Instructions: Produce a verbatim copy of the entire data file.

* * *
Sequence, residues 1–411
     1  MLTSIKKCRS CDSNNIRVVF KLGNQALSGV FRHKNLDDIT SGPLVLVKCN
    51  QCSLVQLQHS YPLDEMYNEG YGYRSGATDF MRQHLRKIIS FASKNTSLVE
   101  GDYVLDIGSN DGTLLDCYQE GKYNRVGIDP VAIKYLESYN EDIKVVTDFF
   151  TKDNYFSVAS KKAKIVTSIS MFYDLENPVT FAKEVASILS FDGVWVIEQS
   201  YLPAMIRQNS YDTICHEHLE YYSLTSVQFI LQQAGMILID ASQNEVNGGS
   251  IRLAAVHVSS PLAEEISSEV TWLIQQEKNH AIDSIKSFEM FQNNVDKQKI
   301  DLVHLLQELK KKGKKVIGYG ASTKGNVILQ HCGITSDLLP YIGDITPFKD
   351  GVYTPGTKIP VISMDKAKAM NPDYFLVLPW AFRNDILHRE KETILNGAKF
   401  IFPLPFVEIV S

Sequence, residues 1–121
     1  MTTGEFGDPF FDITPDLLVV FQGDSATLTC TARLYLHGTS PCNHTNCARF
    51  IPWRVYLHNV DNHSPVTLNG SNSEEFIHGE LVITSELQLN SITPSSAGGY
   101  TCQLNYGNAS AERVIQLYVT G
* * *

Sequence, residues 1–411
     1  MLTSIKKCRS CDSNNIRVVF KLGNQALSGV FRHKNLDDIT SGPLVLVKCN
    51  QCSLVQLQHS YPLDEMYNEG YGYRSGATDF MRQHLRKIIS FASKNTSLVE
   101  GDYVLDIGSN DGTLLDCYQE GKYNRVGIDP VAIKYLESYN EDIKVVTDFF
   151  TKDNYFSVAS KKAKIVTSIS MFYDLENPVT FAKEVASILS FDGVWVIEQS
   201  YLPAMIRQNS YDTICHEHLE YYSLTSVQFI LQQAGMILID ASQNEVNGGS
   251  IRLAAVHVSS PLAEEISSEV TWLIQQEKNH AIDSIKSFEM FQNNVDKQKI
   301  DLVHLLQELK KKGKKVIGYG ASTKGNVILQ HCGITSDLLP YIGDITPFKD
   351  GVYTPGTKIP VISMDKAKAM NPDYFLVLPW AFRNDILHRE KETILNGAKF
   401  IFPLPFVEIV S

Sequence, residues 1–121
     1  MTTGEFGDPF FDITPDLLVV FQGDSATLTC TARLYLHGTS PCNHTNCARF
    51  IPWRVYLHNV DNHSPVTLNG SNSEEFIHGE LVITSELQLN SITPSSAGGY
   101  TCQLNYGNAS AERVIQLYVT G